Dancing with flowers: Sakura Season

For just a few weeks every spring, Japan celebrates an annual ritual known as hanami.

In theory it’s a simple pleasure, namely stopping to view and appreciate the beautiful spring blossoms — most commonly known as Cherry Blossoms. In reality, it’s a hugely symbolic and much-loved source of national pride, a chance to recognise and reflect on the beauty of nature while welcoming the new season. People often gather and sit under the trees, bringing food, drinks and occasionally music with them. This being Japan, everything is perfectly organized — and left spotlessly clean.
When the Japan Weather Association’s annual sakura forecast is broadcast live, it brings with it a flurry of domestic and international bookings as travelers rush to make the most of the country’s stunning landscapes and scenery.
Given the size and geographical spread of the country, the cherry blossoms — or sakura — appear at different times and usually only last for a few days.
This year, I was one of the millions of travellers who made their way to Japan in the height of the Cherry Blossom Season. And man, it was worth it. Walking through parks that looked like they’d been taken from a fairytale, and rowing down moats flanked by these beautiful pink blossoms- what could be better?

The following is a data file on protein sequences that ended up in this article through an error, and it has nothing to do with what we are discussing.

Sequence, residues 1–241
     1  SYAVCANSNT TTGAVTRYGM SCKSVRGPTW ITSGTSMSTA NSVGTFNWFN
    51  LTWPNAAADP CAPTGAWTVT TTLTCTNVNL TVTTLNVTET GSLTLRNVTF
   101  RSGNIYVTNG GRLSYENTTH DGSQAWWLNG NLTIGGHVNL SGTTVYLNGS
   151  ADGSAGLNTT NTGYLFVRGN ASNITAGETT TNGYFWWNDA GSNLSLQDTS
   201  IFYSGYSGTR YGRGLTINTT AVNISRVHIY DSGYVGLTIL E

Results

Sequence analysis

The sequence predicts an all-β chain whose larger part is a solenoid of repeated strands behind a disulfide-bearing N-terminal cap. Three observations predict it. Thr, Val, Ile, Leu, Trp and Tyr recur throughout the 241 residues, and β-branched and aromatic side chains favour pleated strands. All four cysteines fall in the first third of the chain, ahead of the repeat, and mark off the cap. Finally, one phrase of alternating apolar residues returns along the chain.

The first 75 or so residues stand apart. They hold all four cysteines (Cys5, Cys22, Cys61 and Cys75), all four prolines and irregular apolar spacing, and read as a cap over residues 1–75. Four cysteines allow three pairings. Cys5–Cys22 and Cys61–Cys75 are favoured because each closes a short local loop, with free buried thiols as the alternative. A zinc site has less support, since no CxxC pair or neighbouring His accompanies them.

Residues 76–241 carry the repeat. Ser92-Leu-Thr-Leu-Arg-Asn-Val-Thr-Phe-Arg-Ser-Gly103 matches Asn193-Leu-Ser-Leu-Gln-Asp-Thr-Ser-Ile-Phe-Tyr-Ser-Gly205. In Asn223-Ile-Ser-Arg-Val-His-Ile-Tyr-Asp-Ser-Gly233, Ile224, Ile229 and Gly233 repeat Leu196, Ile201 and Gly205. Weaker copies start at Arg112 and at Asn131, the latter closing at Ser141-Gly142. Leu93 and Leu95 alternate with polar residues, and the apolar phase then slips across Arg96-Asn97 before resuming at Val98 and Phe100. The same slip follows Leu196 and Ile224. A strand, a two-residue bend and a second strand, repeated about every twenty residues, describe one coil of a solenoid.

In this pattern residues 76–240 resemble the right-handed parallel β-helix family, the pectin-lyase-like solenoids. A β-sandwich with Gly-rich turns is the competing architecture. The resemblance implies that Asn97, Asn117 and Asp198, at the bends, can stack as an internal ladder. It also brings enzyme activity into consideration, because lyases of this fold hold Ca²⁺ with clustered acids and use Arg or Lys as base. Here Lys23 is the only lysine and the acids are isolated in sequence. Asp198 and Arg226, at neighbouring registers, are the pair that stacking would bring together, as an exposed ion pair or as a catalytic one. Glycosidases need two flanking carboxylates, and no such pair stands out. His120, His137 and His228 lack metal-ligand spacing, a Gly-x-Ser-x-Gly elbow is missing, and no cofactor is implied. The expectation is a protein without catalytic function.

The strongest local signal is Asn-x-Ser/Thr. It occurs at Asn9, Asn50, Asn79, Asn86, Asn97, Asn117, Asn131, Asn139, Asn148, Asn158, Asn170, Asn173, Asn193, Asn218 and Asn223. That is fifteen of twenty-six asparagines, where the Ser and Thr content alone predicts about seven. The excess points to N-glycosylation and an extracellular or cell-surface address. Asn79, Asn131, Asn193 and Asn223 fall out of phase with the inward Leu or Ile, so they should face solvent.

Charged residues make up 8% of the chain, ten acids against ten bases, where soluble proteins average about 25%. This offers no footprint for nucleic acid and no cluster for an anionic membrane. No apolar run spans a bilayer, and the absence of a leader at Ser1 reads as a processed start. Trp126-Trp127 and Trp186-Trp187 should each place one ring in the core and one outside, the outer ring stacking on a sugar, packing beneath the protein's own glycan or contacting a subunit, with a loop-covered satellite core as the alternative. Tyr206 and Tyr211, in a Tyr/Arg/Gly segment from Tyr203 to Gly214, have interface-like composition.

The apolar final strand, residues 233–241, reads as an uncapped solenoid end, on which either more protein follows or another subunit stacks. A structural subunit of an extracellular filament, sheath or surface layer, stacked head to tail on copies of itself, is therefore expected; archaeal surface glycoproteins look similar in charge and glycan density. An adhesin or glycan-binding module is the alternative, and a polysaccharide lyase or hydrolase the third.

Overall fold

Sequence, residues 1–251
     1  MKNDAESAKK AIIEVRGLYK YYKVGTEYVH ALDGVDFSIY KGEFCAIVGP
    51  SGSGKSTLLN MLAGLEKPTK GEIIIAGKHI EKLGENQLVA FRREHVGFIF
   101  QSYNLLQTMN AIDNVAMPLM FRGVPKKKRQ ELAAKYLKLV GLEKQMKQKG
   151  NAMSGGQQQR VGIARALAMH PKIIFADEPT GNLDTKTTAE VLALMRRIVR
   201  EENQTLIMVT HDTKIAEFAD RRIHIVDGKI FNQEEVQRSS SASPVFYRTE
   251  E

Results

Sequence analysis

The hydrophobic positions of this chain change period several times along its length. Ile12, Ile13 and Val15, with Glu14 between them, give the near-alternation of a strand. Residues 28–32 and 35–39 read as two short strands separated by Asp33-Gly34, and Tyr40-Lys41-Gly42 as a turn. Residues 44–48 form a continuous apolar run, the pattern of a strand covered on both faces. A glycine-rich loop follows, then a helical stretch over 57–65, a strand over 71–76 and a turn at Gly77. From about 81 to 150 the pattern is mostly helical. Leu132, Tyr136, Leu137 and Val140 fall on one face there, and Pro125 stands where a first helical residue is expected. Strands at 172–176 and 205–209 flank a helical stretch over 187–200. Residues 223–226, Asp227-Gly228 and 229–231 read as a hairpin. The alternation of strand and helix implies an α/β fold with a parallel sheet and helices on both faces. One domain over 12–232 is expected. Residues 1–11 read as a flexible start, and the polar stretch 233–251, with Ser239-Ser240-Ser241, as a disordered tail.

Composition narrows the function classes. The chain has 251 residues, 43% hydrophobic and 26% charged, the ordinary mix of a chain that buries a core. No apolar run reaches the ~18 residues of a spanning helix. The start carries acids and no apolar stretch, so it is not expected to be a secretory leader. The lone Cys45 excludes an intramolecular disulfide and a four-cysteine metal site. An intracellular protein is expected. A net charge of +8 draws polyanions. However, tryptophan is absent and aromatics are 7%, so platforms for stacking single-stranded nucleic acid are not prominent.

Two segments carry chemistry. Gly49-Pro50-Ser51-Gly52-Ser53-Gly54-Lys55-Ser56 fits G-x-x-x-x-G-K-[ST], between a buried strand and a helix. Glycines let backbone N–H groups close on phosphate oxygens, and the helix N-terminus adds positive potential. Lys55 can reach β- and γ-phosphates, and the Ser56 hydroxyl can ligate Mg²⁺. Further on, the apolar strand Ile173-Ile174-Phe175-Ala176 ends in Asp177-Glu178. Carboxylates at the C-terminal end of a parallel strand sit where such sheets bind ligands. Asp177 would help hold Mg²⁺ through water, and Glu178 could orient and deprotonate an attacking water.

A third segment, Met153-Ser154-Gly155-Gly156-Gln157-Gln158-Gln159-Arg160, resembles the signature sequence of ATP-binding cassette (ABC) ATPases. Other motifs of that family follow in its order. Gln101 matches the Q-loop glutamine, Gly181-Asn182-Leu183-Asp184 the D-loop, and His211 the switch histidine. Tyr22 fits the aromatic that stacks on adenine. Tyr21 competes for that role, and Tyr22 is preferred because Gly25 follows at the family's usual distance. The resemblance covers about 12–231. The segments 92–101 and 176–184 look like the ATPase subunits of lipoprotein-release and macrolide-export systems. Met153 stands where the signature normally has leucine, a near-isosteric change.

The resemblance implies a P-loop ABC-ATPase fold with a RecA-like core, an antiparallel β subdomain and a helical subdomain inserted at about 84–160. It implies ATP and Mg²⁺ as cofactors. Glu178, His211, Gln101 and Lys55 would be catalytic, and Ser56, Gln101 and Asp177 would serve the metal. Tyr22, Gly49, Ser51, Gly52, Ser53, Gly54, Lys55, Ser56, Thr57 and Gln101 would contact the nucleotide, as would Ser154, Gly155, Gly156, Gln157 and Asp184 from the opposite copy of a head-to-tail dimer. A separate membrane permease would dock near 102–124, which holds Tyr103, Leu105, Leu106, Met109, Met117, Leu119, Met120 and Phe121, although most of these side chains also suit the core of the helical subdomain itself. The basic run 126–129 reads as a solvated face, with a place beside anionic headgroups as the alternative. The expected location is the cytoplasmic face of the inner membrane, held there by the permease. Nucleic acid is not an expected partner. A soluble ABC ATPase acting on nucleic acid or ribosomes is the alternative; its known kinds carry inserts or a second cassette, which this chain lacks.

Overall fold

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Okochi Sanso Garden near Arashiyama Bamboo Grove, Kyoto
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Kyomisidera Temple
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Streets of Kanazawa
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Chidorigafuchi Moat (next to Imperial Palace)

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Chidorigafuchi Moat (next to Imperial Palace)

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Imperial Palace gardens
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Sakura- flavoured water
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Imperial Palace
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Imperial Palace gardens
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Walking the Streets of Tokyo
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Imperial Palace gardens

Want to wander with me? Don’t forget to add me on Instagram – @oneworldwanderer – for more foolishness and travel adventures!

Abbie xoxo

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